When a legal scholar as liberal as Professor Erwin Chemerinsky, and as familiar with the case as he is, being the dean of the UCI Law School, makes as unequivocal a statement on this point as he did (see his article here: http://lat.ms/cnV0A0), your presentation of the situation in this way shows that you do not understand the topic you sought to address and that your interpretation is driven by something other than concern for Constitutional rights.

  • Mark Linder

    The dean of the law school at UCI, Erwin Chemerinsky, summarized it this way:

    “The law is well established that the government can act to prevent a
    heckler’s veto — to prevent the reaction of the audience from silencing
    the speaker. There is simply no 1st Amendment right to go into an
    auditorium and prevent a speaker from being heard, no matter who the
    speaker is or how strongly one disagrees with his or her message.”

  • Ted

    Legal analysis of this case by UCLA Professor Eugene Volokh.

    http://volokh.com/2011/09/23/uc-irvine-students-convicted-for-disrupting-speech/

  • Dali

    Mr. Linder,

    Certainly when the Dean of the UC law school states his thoughts that the government can prevent a heckler’s veto – that is strong support that the university was in the right to stop the Irvine 11. But there is a lot of testimony from other UC professors and Freedom of Speech experts who say otherwise.

    Take the testimony of Rei Terada (who teaches comparative lit at UCI, which I know doesn’t sound as authoritative as the credentials of the Dean of the UC law school, but news reports also call her an expert on history and free speech guidlines), who said that “during the span of her 20-year career, she has never seen someone attempt to impose such rules during a politically charged event, one that is expected to attract protests on a university campus.” (http://articles.dailypilot.com/2011-09-14/news/tn-dpt-0915-irvine11-20110914_1_free-speech-joint-session-uci-and-uc-riverside).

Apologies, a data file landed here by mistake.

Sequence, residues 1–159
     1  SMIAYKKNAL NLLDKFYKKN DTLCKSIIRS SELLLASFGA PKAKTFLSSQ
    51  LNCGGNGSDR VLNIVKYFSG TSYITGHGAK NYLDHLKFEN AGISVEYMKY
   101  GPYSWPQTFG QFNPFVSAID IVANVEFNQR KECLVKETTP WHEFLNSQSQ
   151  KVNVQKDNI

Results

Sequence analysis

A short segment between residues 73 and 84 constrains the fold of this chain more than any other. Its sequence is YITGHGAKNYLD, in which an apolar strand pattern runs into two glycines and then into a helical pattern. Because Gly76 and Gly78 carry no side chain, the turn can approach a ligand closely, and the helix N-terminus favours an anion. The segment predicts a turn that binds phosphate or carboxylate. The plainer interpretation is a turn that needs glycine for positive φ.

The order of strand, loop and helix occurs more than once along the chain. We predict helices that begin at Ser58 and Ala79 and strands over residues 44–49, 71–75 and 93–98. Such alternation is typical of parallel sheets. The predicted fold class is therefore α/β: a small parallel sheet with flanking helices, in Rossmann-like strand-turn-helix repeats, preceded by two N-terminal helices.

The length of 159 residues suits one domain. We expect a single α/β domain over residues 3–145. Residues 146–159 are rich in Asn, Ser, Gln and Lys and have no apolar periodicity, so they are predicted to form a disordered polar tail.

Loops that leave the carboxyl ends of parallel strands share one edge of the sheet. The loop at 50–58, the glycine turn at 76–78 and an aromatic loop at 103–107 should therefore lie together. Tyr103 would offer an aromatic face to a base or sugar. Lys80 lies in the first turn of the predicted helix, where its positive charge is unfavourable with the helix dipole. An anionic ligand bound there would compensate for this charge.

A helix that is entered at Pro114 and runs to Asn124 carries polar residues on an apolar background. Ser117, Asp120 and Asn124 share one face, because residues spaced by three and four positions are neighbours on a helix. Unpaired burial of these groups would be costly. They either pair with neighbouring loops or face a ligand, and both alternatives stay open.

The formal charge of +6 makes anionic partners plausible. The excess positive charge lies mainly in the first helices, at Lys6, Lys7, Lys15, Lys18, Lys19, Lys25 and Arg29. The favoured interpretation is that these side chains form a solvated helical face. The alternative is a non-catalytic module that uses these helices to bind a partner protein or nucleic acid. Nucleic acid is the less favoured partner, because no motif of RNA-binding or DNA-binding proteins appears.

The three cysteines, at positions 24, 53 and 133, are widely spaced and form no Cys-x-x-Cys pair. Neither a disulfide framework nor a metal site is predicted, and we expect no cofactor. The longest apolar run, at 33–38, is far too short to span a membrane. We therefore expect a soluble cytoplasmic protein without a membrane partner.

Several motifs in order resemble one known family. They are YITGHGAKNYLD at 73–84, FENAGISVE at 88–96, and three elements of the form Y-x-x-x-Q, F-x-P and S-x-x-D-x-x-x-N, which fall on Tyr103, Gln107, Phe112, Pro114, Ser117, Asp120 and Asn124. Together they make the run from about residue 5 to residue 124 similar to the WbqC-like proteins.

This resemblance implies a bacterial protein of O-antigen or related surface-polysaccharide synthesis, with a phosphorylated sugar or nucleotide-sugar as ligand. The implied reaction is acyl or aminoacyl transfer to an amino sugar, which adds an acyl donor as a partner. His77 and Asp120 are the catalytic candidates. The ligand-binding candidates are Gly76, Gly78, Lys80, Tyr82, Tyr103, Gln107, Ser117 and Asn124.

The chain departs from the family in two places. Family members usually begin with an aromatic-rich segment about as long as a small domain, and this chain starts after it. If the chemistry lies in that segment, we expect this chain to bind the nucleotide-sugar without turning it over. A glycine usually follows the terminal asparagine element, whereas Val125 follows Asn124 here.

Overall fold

Am I an expert on the constitution and the freedom of speech? Of course not. Did I have other things in mind besides what I felt was a perversion of the freedom of speech when I wrote the post. Sure. This is a blog post, not a news article, so it was my thoughts and feelings. But still, I hope I’m a good enough journalist to consider opposing viewpoints.  I do think MPAC’s Salam al-Maryati makes a good case that the Muslims students at that university have been harassed a lot on a variety of occasions and singled out – http://www.huffingtonpost.com/salam-al-marayati/free-11-muslim-students-r_b_461927.html)

    Anyway, I do appreciate your point. But I still feel these students were screwed.

  • Anonymous

    Apart from the legal issues, what is an effective, pro peace, pro justice, pro Palestine, pro Israel means of bringing about the reconciliation we seek for all G- d’s children?

  • geoff kl

    Every person who, without authority of law, willfully disturbs or breaks
    up any assembly or meeting that is not unlawful in its character, other
    than an assembly or meeting referred to in Section 302 of the Penal
    Code or Section 18340 of the Elections Code, is guilty of a misdemean

    that is the law

  • JJ

    I’m saddened that self-annointed censors are applauded.  These students did not temporarily interrupt a speech with a five second heckle, they ended it, as was their purpose.  To compare their punishment to the denial of “existence” under Jim Crow or the right to “express your mind” is offensive to those who endured such times  and those around the world today who are truly denied the ability to voice their views by their government.